Date Posted: Jun 19, 2019
RAW Digital Training's Games Design course is back. Starting on the 17th June at Durham Amateur Rowing Club, participants will build their own game using industry standard software. They will be introduced to different roles within the sector and possible progression routes.
This course is perfect for those who are interested in a career in the games industry or digital creative industries.
The Course starts on Monday 17th June till Friday 21st June and is being held at Durham Amateur Rowing Club Green Ln, Old Elvet, Durham DH1 3JU, between from 10am till 4pm each day.
The course is a fun ...Read More
An A-level is a single subject studied in depth at level 3 which requires you to undertake independent research and critical study of the subject.
The A-level is a level 3 qualification and is usually 360 guided learning hours over 2 years, students usually take 3 or 4 subjects together. They are graded A*-E on completion.
A-levels are usually taught in school sixth forms or sixth form centres. You need to achieve at least C grades in your GCSEs to get a place to study A-levels but for some subjects, you might be expected to achieve A*-B.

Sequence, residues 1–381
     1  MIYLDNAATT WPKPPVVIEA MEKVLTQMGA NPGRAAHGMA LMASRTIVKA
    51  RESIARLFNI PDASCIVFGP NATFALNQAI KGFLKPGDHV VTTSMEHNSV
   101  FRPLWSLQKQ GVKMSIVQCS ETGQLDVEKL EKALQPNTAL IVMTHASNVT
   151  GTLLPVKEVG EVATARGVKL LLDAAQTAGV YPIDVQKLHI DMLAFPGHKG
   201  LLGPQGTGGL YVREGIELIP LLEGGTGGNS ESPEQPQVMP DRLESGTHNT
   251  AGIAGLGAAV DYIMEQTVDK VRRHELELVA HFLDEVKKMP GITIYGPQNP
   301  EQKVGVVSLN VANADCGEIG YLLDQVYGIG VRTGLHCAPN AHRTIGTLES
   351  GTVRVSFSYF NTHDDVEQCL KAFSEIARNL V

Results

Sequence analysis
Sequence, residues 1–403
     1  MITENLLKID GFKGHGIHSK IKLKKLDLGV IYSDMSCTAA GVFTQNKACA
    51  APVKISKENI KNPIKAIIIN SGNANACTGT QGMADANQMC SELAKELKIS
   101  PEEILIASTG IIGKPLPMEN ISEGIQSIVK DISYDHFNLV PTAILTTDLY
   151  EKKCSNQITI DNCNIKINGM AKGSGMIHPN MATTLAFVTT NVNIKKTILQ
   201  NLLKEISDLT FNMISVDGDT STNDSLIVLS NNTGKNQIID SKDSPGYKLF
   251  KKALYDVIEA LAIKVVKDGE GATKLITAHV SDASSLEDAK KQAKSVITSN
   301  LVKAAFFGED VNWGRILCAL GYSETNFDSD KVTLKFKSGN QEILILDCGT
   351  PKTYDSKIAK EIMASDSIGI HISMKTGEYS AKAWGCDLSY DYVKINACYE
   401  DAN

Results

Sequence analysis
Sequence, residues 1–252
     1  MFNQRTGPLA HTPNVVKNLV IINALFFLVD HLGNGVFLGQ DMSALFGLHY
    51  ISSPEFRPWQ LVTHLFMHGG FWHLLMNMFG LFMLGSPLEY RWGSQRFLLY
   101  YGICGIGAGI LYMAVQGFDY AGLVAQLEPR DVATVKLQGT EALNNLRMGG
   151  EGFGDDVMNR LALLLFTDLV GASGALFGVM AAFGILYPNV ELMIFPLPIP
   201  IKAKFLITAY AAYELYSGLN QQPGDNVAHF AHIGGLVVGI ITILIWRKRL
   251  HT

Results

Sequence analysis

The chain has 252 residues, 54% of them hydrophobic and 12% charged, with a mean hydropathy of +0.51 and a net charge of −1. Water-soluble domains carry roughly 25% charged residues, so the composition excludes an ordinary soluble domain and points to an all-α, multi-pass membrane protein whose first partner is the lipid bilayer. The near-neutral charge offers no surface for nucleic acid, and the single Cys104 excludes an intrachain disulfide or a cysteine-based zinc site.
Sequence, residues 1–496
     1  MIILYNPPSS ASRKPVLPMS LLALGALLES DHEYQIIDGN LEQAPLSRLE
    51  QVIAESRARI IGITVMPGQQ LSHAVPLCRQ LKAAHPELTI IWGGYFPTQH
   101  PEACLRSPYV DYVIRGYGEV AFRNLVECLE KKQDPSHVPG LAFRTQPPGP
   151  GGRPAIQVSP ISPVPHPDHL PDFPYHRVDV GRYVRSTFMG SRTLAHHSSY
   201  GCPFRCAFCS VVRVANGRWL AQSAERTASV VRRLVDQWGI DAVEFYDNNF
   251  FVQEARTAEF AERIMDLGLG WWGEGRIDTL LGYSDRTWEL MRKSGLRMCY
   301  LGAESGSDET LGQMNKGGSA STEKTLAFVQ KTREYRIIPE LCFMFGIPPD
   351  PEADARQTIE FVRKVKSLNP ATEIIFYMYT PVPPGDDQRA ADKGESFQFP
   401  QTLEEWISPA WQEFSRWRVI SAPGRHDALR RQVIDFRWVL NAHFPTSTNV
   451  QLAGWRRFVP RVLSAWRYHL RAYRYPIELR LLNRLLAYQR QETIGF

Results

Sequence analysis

There are about 80 different A-level subjects available but most schools and colleges are able to offer between 10 and 30 subjects.
To find out which A-levels are available visit the UCAS website.
A-levels give you broad subject qualifications which are not usually related directly to a job or area of work. For most people, their studies lead them to higher education courses at university. The grades that you achieve will help universities decide which course would suit you best.
When you apply to university each grade is worth a number of UCAS tariff points. These are the way that universities decide whether to offer places to students, they may ask an applicant to achieve:
Use the UCAS tariff calculator to work out UCAS points.
There are some employers who are able to offer specific job training in the workplace and recruit from students who have completed A-levels. Employers may value the maturity that the additional years of further education can provide as you will have learned skills like the ability to meet deadlines manage your own work and time and developed research skills.
You can apply for an apprenticeship after you complete your A-levels but as you might not have a specific skill for the job you may be required to study qualifications at the same level or lower than you have already achieved.
AS-levels can be taken as a stand-alone qualification, or as the first part of an A-level course. AS-levels are completed at the end of Year 12. A2 exams and coursework are added on to an AS-level at the end of Year 13, bringing it up to A-level standard.